Decl. 2.) WWT is a trust formed under the laws of Canada. Shunock is a beneficiary of
WWT.
BEH Gaming agreed to assist the Chippewa Cree Community Development
Corporation (CCCDC) obtain construction financing for the Casino Project. (Shunock
Decl. 2.) In August 2005, BEH Gaming and CCCDC entered into a Turn-Key Facility
Agreement (the Development Agreement), under which BEH Gaming warranted and
represented that it would provide, or arrange for a third party to provide, financing to the
CCCDC for the construction of the Casino Project. (Decl. of Keiko L. Sugisaka
3
(Sugisaka Decl.) 14, Ex. K at 3.3.) Prior to signing the Development Agreement
with the CCCDC, BEH Gaming hired a hospitality consulting firm located in
Minneapolis, Minnesota, to conduct a feasibility study for the Casino Project. BEH
Gaming provided this study to BankFirst in Minneapolis. (Aff. of Steven W. Erickson
(Erickson Aff.) 3.)
BEH Gaming sought financing from BankFirst and engaged in discussions
regarding financing for the Casino Project, primarily with John Jagiela and Steven
Erickson of BankFirst. (Erickson Aff. 2; Harris Decl. 3; Decl. of Ray Brown (Brown
Decl.) 2.) During negotiations between BankFirst and BEH Gaming, Jagiela flew to
Montana to meet with representatives of BEH Gaming to inspect the proposed site, visit
with Tribal officials, and to discuss the feasibility study. (Decl. of John Gruttadaurio
(Gruttadaurio Decl.) 3.) Jagiela also visited Montana in September 2006 to review
the Casino Projects status and to assemble the outstanding loan package. (Brown Decl.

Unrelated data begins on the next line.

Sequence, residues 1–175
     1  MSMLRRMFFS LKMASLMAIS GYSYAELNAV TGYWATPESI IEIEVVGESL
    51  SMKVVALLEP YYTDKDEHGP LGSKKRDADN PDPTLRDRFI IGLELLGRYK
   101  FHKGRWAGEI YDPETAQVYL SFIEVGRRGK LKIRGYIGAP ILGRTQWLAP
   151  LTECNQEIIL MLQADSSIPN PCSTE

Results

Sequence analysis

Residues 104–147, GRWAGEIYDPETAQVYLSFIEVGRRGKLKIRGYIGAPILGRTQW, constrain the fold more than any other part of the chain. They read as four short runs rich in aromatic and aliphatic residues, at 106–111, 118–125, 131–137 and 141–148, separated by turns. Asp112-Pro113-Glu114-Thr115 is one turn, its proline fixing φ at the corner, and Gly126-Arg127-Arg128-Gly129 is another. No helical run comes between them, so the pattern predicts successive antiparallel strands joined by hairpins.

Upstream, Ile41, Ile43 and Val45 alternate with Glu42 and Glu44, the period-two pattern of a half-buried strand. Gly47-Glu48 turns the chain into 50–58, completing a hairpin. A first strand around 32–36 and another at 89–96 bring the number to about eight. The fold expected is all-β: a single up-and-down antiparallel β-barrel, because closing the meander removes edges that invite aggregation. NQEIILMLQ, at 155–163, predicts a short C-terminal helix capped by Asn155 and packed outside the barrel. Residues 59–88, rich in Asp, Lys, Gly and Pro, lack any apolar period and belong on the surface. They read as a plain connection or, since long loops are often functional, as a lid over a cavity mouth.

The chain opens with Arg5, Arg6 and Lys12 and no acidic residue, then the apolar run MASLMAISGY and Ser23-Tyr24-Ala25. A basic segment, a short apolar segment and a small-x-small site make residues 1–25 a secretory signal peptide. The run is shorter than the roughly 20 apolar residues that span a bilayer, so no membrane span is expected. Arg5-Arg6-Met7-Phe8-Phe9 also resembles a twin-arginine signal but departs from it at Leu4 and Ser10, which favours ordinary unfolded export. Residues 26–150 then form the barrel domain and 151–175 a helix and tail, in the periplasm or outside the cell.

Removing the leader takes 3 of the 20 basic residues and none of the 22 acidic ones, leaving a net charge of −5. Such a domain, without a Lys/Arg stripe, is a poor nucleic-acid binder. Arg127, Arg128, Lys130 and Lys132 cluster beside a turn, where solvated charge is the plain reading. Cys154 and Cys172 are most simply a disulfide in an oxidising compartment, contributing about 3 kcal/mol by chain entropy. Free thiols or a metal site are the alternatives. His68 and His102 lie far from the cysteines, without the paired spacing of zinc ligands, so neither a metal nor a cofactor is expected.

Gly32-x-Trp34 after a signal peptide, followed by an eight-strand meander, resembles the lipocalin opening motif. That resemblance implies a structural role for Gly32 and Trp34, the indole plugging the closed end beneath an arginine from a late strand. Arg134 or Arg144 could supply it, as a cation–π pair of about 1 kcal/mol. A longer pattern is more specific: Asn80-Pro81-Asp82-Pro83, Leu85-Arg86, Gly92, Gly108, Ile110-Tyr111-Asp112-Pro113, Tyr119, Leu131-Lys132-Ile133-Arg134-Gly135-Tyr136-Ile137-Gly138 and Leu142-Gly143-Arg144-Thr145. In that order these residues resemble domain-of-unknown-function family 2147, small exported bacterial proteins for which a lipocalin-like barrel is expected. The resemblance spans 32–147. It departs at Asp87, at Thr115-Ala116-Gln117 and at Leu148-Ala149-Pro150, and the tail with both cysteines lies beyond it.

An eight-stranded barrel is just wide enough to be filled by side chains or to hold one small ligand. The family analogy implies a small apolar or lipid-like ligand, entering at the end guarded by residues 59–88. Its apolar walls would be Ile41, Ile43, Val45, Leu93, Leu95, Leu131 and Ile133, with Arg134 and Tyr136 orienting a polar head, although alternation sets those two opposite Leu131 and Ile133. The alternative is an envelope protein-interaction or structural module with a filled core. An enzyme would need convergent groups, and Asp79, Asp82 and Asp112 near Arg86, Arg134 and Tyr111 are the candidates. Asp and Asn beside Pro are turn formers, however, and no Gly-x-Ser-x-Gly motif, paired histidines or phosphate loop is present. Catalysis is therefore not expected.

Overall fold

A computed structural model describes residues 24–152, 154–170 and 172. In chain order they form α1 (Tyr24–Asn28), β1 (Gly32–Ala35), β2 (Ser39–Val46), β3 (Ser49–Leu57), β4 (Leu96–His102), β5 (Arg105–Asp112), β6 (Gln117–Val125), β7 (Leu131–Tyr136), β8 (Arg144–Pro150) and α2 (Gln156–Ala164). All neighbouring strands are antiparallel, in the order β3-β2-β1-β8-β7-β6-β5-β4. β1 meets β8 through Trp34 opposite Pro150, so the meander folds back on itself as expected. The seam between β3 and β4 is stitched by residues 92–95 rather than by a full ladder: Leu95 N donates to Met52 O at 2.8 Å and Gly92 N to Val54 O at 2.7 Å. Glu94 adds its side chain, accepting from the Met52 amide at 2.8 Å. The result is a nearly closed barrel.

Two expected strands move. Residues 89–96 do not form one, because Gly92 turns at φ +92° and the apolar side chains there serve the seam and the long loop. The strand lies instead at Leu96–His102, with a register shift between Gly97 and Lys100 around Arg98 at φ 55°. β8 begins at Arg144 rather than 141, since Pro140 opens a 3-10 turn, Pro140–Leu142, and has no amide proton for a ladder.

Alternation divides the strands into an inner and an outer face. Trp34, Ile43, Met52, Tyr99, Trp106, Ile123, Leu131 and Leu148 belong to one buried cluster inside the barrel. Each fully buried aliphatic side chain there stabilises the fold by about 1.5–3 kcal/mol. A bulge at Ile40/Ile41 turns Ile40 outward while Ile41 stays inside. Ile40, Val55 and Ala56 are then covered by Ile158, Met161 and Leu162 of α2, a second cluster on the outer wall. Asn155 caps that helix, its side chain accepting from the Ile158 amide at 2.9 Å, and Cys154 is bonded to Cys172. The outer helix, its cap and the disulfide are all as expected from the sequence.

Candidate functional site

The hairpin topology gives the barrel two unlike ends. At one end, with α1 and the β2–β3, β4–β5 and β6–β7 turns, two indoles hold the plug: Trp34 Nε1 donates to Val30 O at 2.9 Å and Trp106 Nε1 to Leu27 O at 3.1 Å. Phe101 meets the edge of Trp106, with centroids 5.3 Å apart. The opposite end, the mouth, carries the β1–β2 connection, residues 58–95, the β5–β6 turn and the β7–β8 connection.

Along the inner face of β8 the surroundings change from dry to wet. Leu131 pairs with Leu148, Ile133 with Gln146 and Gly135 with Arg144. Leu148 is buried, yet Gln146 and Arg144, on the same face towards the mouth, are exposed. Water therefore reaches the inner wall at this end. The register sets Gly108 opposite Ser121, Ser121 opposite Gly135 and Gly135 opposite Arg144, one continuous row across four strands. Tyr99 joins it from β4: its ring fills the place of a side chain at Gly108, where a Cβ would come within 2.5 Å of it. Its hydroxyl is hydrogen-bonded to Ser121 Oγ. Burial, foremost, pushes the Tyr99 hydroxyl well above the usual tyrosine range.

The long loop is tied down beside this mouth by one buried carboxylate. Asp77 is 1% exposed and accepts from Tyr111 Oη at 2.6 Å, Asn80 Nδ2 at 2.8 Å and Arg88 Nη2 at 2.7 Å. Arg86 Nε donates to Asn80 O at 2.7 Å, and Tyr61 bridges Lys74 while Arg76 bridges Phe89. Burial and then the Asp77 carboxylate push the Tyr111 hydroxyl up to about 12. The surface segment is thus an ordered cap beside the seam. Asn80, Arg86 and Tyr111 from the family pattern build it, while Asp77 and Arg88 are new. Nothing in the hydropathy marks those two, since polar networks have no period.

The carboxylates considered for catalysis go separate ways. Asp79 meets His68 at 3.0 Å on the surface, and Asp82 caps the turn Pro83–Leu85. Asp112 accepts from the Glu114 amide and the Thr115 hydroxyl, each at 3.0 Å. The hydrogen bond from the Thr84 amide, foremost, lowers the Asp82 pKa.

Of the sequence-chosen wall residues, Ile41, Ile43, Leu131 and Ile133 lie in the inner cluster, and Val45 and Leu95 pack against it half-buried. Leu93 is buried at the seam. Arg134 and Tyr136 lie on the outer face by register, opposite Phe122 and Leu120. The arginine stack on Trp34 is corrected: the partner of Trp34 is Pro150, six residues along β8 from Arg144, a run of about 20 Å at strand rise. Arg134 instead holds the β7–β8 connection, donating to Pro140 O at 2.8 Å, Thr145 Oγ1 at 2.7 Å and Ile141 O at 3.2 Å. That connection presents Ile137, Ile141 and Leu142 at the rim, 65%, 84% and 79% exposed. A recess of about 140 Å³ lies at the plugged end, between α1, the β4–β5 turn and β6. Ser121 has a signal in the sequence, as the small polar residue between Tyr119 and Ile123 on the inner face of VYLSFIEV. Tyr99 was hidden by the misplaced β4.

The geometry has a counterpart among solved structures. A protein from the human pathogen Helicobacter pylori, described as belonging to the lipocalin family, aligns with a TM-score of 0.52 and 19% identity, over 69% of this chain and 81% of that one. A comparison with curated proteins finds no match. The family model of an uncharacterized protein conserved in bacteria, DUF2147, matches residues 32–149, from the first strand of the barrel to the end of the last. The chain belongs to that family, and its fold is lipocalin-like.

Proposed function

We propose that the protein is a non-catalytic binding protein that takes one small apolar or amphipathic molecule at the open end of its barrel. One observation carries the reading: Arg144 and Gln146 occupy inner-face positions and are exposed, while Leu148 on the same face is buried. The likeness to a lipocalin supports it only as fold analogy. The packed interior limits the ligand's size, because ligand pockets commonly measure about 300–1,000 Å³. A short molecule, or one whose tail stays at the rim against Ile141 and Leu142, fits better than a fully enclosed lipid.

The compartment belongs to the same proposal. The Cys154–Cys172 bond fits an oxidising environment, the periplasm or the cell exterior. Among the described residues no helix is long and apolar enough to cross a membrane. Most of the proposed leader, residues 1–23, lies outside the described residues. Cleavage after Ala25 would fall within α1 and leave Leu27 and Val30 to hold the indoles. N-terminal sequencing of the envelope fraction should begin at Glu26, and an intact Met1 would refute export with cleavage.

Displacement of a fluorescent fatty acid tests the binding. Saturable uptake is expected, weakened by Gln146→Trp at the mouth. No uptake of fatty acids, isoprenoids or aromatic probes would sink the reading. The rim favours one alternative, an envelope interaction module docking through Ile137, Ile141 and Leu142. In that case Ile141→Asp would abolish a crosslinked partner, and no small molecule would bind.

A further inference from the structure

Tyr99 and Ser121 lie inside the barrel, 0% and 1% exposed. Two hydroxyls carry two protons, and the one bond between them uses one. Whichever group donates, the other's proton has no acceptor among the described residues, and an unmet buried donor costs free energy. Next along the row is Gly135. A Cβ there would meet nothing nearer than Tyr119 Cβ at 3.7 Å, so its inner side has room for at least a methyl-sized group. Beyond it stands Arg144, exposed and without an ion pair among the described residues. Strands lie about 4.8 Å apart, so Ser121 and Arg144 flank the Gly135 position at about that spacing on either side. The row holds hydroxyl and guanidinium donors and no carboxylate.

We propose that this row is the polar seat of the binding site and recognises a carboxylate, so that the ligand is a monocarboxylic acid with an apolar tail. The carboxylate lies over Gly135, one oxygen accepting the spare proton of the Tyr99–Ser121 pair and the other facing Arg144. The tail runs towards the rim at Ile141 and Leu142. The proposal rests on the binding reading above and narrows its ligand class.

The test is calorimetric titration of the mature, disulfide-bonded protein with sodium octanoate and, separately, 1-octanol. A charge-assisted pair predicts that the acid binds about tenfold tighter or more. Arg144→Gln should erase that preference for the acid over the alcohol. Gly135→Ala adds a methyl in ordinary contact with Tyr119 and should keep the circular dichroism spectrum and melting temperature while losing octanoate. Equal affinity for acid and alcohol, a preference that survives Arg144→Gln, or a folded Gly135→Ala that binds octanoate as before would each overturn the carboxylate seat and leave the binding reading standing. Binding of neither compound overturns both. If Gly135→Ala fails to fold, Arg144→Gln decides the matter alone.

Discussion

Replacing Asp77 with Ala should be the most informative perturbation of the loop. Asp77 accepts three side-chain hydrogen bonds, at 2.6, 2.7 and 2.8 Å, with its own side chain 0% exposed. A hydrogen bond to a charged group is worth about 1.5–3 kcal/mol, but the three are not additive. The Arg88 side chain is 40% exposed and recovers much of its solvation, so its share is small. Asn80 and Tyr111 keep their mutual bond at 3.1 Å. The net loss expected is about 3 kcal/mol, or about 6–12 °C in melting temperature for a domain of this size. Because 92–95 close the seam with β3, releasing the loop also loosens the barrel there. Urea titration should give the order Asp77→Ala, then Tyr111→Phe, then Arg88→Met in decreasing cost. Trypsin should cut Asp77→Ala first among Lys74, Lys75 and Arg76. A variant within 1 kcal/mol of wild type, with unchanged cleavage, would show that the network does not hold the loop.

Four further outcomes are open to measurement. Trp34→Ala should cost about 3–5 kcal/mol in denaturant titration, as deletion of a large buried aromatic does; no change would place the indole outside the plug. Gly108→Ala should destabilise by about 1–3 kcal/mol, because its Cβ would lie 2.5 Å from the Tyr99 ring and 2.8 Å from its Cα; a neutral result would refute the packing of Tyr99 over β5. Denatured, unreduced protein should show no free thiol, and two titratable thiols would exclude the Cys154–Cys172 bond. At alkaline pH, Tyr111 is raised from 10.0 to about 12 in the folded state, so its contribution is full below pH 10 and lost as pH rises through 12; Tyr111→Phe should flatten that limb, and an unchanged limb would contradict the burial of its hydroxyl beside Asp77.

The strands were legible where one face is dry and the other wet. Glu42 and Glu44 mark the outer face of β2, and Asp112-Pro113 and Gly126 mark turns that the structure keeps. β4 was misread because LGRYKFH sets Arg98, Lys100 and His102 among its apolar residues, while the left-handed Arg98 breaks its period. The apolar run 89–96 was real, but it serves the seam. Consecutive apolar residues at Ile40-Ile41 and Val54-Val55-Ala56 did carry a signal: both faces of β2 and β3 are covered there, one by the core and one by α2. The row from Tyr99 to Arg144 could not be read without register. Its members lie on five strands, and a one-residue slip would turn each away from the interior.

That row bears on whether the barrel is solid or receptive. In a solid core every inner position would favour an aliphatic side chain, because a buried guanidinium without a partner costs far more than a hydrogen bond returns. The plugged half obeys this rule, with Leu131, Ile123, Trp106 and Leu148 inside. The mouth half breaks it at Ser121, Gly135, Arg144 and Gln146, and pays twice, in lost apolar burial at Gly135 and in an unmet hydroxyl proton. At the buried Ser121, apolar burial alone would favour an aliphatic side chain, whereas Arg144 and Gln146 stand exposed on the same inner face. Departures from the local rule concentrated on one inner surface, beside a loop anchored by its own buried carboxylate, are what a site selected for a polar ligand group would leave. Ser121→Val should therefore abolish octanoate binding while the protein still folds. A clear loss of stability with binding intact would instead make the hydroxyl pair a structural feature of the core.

3.)
Representatives of BEH Gaming had contacts with BankFirst in Minneapolis.
Specifically, in 2005 and 2006, BEH Gaming representative Gene Harris communicated
with BankFirst representatives via telephone, e-mail, and written correspondence in an
effort to obtain financing for the Casino Project. (Harris Decl. 4.) These
communications continued through 2007, during and after the construction phase of the
Casino Project. (Id.) Ray Brown, an Indian gaming consultant acting on behalf of BEH
Gaming, also participated in discussions with Jagiela in 2005 and 2006; these
4
communications were related to efforts to obtain construction financing and occurred
mainly over the telephone, via e-mail, or by written correspondence. (Brown Decl. 2.)
Brown continued to have communications with Erickson and Jagiela through 2008. (Id.)
In 2006 and 2007, John Gruttadaurio, counsel for Ginsburg, Shunock, BEH Gaming,
WWT, and WWP, had contacts with BankFirst in Minneapolis via telephone, e-mail, and
written correspondence. (Erickson Aff. 2-3; Gruttadaurio Decl. 2.) Gruttadaurio also
traveled to Minneapolis on two occasions. On or around June 1, 2006, Gruttadaurio
visited Minneapolis to review and discuss loan documents with representatives of
Marshall BankFirst, BankFirst, and the CCCDC. (Gruttadaurio Decl. 4.) Gruttadaurio
visited BankFirst in Minneapolis again in March 2007, during which he discussed the
obligations arising under the WWT and WWP Guaranty Agreements and the documents
that BEH Gaming, WWP, and WWT were required to provide to BankFirst during the
term of the loan. (Aff. of Mary Jo Brenden (Brenden Aff.) 3.) In addition, G. Joseph
Shunock, a BEH Gaming representative and the sole member of WWP, communicated